Building system components
If you want to contribute to GNOME applications, please visit the Newcomers page, and follow the instructions you find there.
While GNOME applications can be easily built through Flatpak, system components require deeper integration with your environment. This means that you need to have an updated version of the operating system as a requirement.
It is strongly recommended to use either Fedora 27 or Ubuntu 17.10. You will run into build errors using older distributions, like Ubuntu 16.04 or Debian stable. We do have unsupported instructions for other distributions.
In order to avoid damaging the OS installation you're using, GNOME has developed a tool called JHBuild. JHBuild builds GNOME components and their dependencies, and safely installs them in a separate prefix, without interfering with your OS installation.
Unlike Flatpak, JHBuild does not allow you to build and run the result in a separate container. Additionally, there are limits as to what JHBuild allows you to build, especially when it comes to integration with base OS services.
Setting up JHBuild
JHBuild allows you to build and run GNOME platform components and their required modules in a separate environment, isolating the installation from your operating system; this allows you to develop, test, and modify GNOME components without compromising the ability to use your computer.
To download and compile JHBuild you will need to first install some dependencies.
If you are using Ubuntu 17.10:
$ sudo apt install apt-file docbook docbook-xsl build-essential git-core gettext libtext-csv-perl autotools-dev autoconf gettext pkgconf autopoint yelp-tools libjson-pp-perl libfile-copy-recursive-perl $ sudo apt-file update
If you are using Fedora 27:
$ sudo dnf install @c-development @development-tools redhat-rpm-config gnome-common pygobject2 dbus-python perl-Text-CSV perl-XML-Parser gettext-devel gtk-doc ninja-build perl-JSON-PP perl-File-Copy-Recursive
Then, create a folder structure for the code. Given that JHBuild will use ~/jhbuild/checkout (the tilde ~ means your home directory) for the code of all GNOME stack, we will use that folder for the code of JHBuild as well:
$ mkdir -p ~/jhbuild/checkout
Then download the code with git in that folder:
$ cd ~/jhbuild/checkout $ git clone https://git.gnome.org/browse/jhbuild
Now compile and install the code. We can use the standard way to compile and install JHBuild. It will be installed in ~/.local/bin:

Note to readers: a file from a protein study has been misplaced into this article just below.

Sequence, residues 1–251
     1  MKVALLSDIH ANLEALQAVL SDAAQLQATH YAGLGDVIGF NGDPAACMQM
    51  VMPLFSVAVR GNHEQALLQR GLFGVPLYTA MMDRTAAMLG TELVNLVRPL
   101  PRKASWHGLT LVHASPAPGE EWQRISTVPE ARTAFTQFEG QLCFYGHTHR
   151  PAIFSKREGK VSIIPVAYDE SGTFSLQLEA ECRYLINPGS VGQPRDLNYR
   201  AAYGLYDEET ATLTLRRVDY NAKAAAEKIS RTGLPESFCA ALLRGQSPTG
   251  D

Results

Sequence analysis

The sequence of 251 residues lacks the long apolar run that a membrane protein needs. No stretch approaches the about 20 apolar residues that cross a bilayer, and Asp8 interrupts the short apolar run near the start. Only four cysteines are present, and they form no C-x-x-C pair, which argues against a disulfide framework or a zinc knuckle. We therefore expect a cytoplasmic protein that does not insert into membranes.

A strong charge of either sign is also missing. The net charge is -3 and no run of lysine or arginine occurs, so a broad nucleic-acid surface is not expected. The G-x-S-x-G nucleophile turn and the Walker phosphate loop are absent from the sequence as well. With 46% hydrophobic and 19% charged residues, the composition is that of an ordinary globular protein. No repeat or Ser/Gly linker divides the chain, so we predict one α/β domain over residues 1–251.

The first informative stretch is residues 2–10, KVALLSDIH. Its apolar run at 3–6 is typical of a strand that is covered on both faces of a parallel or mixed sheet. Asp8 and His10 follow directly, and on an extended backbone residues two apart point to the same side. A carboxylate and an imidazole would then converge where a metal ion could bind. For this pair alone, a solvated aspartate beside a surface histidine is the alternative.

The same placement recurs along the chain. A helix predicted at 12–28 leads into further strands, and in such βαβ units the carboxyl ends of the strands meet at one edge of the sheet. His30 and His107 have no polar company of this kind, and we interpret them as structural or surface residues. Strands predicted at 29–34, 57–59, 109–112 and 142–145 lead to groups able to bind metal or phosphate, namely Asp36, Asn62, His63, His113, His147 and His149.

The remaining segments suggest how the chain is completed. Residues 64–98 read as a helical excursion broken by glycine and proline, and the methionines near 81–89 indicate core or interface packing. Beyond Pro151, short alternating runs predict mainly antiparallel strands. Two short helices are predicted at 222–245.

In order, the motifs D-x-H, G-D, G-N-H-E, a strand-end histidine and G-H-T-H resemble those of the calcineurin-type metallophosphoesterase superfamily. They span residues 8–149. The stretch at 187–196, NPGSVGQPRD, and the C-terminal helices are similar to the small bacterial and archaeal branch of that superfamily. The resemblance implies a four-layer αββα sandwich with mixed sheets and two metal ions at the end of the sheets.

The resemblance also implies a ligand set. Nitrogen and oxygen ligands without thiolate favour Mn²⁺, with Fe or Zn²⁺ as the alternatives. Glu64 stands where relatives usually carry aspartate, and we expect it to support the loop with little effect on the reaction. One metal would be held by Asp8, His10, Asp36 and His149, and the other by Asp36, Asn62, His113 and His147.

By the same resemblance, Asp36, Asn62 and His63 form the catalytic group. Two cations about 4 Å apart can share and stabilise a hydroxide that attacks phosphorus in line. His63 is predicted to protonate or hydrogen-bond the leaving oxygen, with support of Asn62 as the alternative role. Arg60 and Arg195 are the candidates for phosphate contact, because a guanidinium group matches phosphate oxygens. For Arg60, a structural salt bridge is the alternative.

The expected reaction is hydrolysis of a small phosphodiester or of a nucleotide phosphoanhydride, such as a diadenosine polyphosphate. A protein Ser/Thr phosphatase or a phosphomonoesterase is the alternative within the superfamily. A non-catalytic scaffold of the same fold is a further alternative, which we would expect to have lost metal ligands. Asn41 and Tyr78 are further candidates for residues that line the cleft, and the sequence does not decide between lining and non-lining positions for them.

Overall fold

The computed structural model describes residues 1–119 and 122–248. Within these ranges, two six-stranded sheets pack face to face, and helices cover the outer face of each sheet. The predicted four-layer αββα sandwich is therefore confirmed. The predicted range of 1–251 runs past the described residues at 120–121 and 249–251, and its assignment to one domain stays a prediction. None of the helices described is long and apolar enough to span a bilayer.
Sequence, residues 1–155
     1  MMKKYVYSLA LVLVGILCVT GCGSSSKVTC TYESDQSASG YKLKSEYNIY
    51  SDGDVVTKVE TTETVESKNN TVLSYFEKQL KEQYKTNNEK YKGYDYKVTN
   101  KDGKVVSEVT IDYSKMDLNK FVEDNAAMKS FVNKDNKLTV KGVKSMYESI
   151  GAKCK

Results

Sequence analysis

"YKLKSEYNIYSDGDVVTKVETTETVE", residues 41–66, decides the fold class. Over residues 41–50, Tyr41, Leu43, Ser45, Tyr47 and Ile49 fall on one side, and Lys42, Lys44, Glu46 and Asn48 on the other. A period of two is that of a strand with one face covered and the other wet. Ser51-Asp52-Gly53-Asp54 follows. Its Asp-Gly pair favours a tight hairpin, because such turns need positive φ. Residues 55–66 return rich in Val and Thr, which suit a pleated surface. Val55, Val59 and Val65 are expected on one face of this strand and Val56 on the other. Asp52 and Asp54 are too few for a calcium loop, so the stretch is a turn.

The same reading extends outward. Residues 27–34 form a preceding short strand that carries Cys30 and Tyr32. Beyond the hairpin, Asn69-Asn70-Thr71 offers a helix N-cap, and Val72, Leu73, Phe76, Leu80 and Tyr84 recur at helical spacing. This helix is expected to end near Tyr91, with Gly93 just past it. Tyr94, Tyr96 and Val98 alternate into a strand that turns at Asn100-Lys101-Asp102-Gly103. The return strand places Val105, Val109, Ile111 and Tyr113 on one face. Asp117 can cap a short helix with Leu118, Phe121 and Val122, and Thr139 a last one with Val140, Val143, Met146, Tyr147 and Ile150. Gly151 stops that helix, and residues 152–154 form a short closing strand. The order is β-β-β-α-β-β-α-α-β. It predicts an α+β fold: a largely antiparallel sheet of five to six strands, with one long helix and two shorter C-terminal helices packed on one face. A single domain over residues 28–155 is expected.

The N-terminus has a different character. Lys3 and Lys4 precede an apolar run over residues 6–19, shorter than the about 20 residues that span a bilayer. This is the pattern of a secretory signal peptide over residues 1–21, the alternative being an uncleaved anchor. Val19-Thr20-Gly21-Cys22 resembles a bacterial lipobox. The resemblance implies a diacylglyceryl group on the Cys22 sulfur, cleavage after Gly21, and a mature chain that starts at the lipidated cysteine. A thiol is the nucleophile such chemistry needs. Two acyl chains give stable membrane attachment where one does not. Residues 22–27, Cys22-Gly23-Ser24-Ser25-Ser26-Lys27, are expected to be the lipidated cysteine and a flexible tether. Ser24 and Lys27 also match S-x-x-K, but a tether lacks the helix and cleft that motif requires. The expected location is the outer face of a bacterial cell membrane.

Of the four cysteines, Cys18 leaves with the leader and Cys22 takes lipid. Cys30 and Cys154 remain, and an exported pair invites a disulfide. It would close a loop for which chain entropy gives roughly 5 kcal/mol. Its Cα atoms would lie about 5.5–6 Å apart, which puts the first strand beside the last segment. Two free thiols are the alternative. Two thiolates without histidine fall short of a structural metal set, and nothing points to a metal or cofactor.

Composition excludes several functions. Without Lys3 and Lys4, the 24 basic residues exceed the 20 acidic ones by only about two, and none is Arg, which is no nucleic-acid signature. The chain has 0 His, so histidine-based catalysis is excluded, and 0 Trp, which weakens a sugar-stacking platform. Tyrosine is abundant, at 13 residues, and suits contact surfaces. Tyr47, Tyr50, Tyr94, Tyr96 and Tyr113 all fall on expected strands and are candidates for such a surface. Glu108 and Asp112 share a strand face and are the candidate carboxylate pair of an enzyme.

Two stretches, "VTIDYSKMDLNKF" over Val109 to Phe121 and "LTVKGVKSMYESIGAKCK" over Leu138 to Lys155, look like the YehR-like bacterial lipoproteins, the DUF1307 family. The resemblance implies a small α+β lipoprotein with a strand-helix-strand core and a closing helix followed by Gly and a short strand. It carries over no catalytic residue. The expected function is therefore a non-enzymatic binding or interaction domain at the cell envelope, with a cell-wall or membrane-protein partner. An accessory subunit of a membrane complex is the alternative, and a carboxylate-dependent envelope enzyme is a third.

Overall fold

$ cd jhbuild $ ./autogen.sh --simple-install $ make $ make install
Now JHBuild should be installed. To make sure you can run it directly from the command line, you probably only need to restart your terminal. In some distributions, it might be necessary to add the executable to your PATH environment variable:
$ echo 'PATH=~/.local/bin:$PATH' >> ~/.bashrc; . ~/.bashrc
Your first build
First we need to install some system dependencies and check that JHBuild has been installed properly:
$ jhbuild sysdeps --install $ jhbuild sanitycheck
There should be no missing "required dependencies" after running jhbuild sysdeps --install (it is OK to be missing "optional dependencies"), and nothing should happen when you run jhbuild sanitycheck. If something is wrong, stop and ask for help.
Next, build a few useful packages that are always good to have. You only need to do this your first time using JHBuild:
$ jhbuild build adwaita-icon-theme dconf glib-networking gvfs libcanberra
Finally, you can build the project you're interested in. For example, if you want to build the current tip of the GTK+ development branch:
$ jhbuild build gtk+
JHBuild will go through the module and its dependencies one at a time, downloading the development code, configuring, compiling and installing it for you.
It will create ~/jhbuild/checkout/ and ~/jhbuild/install directories in your home directory; it will also create a temporary ~/.cache/jhbuild directory that will be used to store the intermediate build files.
This will take a little long time, so it's time for a coffee break.
If something goes wrong, see the next chapter at when things go wrong.
When it's done, you will be able to modify or see the source code of the applications. The code will be in ~/jhbuild/checkout, where you can search for the project name.